Accounts Receivable Collection Tips
click here for “Top Ten Things Business Owners Do Wrong when Managing Customer Credit”
Advantages of using outsiders for collections
- You are a specialist at what you do. Collection firms do not typically design their own computer systems, nor do they build their own office furniture, nor do they manufacture telephone, photocopier or other office equipment. We don’t all clean our own offices, or plow snow or mow lawns or do landscaping or cater our office parties. We often retain outside companies to help us in performing these services for us. Why not consider hiring an outside firm to help you with an area in which they are intimately familiar, and use your time and resources elsewhere (on more profitable customers, for instance)?
- Putting some distance between yourself and/or your office staff once your customer becomes delinquent is generally considered to be more professional. This may, in turn, increase the likelihood that the customer will return to you, on your terms, in the future. Do your best to avoid burning bridges – use a professional to represent you.
- Delegating responsibility for collection of delinquent accounts to professionals outside your organization should remove concern that your collection techniques may violate state or federal law.
- Failing to pursue delinquent accounts (or pursuing them ineffectively) may attract more delinquent accounts as “word may get out.”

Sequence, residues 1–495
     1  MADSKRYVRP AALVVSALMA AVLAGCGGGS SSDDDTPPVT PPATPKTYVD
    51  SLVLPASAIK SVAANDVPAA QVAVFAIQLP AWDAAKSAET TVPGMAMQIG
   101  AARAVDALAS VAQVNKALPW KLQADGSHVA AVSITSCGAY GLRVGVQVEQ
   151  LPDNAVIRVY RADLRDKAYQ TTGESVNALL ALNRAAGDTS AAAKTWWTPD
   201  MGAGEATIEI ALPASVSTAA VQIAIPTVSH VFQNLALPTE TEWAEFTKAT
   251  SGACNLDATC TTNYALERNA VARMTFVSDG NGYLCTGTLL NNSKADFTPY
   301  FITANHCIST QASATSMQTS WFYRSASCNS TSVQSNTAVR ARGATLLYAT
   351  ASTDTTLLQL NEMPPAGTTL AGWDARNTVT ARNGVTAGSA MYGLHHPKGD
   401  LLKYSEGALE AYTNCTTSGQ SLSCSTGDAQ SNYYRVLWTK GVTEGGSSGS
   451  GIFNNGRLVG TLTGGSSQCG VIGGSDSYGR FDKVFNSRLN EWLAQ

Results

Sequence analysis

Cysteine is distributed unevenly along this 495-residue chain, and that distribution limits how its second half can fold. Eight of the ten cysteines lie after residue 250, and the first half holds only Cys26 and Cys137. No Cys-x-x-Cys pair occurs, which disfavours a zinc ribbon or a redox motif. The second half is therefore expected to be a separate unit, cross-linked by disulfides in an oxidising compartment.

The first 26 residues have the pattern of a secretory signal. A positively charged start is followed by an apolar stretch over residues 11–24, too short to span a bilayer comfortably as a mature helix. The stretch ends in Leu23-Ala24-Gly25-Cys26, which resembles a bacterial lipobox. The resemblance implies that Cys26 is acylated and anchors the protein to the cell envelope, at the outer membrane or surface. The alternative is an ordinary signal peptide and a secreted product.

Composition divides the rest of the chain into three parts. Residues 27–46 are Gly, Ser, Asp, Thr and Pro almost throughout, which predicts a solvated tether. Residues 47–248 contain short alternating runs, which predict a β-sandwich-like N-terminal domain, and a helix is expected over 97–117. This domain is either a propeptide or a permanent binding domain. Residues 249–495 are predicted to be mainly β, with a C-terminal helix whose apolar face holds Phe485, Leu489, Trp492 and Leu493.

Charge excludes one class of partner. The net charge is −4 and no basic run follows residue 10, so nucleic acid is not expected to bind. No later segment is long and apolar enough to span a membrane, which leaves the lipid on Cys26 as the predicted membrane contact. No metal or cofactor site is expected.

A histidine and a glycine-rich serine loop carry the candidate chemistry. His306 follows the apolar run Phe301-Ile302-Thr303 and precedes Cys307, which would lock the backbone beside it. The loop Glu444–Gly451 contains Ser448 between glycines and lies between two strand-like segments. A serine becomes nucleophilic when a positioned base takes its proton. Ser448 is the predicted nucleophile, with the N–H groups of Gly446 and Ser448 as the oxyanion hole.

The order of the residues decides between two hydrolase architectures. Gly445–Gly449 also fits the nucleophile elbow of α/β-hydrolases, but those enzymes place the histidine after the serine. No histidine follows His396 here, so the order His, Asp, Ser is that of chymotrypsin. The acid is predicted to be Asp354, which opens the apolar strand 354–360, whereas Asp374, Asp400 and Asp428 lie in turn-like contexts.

- In many jurisdictions, corporations must be represented in court by an attorney (there is no such thing as a pro se corporation in many jurisdictions), so “do it yourself” may not even be an option.
Tips for before you get a customer
IT’S CLEAR THAT IN TODAY’S ULTRA-COMPETITIVE BUSINESS ENVIRONMENT,
companies which place too many demands on prospective clients can lose the sale. Yet companies which are too lenient in extending credit or in pursuing delinquent customer accounts receivable can become easy targets for non-paying customers, which threaten the company’s profitability, and, sometimes, even threaten the company’s continued existence.
It’s a balancing act, to be sure, but I offer some suggestions which may help – you can decide which ones you can implement without risking customer alienation.
1. Require completion of a comprehensive credit application; possibly require submission of a nominal payment for processing (or as a deposit or retainer which you can credit against the first sale), or submission of a voided check by the customer to you.
WHY? You want to obtain asset information, particularly bank information, in order to be able to enforce a judgment, if necessary, at a later date.
2. Obtain personal guarantees, if possible, particularly on new enterprises.
WHY? Enforcing a judgment on a business without assets (or one which has ceased to operate) is fruitless. In addition, you may not be aware that the business has UCC filings, mortgages or judgments outstanding, all of which can put you far down the creditor list. While an individual can also be without assets, with liens, or can die, or can file for bankruptcy, it is to your advantage to have the option of pursuing the individual; it is simply an additional source of payment, and, if the customer’s company
goes bad, it may be the only source.
3. Get customer signatures on all appropriate documents, even if only by fax.